CFL bulbs contain about 4 milligrams of mercury, although in some new ones it's as little as 1.4 milligrams. That compares with 500 milligrams in old-fashioned thermometers. The mercury is harmless if it's inside the bulb, but it will get released as a gas if the bulb shatters. Should one break on your hard kitchen floor, for instance, you don't have to call the local hazmat unit. Just open the windows, and leave the area for a minimum of 15 minutes—typically enough time for the mercury vapor to either exit the house or disperse to a harmless level. Then use a piece of cardboard to scoop the debris into a Ziploc bag and bring it to a recycling facility that accepts "universal waste." Be sure to get every bit of broken glass because it can be coated with trace amounts of mercury. Log onto EPA.gov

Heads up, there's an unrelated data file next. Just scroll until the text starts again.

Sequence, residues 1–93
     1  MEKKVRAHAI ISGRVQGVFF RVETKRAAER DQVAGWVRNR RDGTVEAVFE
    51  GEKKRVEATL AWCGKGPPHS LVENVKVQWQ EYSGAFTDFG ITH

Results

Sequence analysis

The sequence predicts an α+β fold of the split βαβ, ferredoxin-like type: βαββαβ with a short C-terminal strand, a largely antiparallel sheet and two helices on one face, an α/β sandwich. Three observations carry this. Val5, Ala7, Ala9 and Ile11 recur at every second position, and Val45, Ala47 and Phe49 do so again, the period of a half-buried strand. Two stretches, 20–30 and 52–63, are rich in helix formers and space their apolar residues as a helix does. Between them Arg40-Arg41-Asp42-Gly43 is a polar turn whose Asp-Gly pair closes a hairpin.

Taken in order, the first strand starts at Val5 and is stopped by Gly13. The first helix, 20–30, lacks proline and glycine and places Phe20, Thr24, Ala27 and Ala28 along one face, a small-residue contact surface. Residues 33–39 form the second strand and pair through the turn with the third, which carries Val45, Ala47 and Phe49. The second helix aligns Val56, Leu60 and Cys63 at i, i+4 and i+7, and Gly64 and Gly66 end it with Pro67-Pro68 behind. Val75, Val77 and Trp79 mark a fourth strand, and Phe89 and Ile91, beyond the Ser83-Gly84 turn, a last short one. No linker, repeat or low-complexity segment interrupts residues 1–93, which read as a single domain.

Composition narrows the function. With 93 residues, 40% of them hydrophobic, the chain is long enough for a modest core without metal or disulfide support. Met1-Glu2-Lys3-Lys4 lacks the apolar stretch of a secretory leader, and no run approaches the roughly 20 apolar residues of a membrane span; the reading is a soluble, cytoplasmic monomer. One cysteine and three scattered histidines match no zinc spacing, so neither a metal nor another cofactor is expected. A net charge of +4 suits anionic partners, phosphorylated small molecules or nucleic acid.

for more cleanup tips.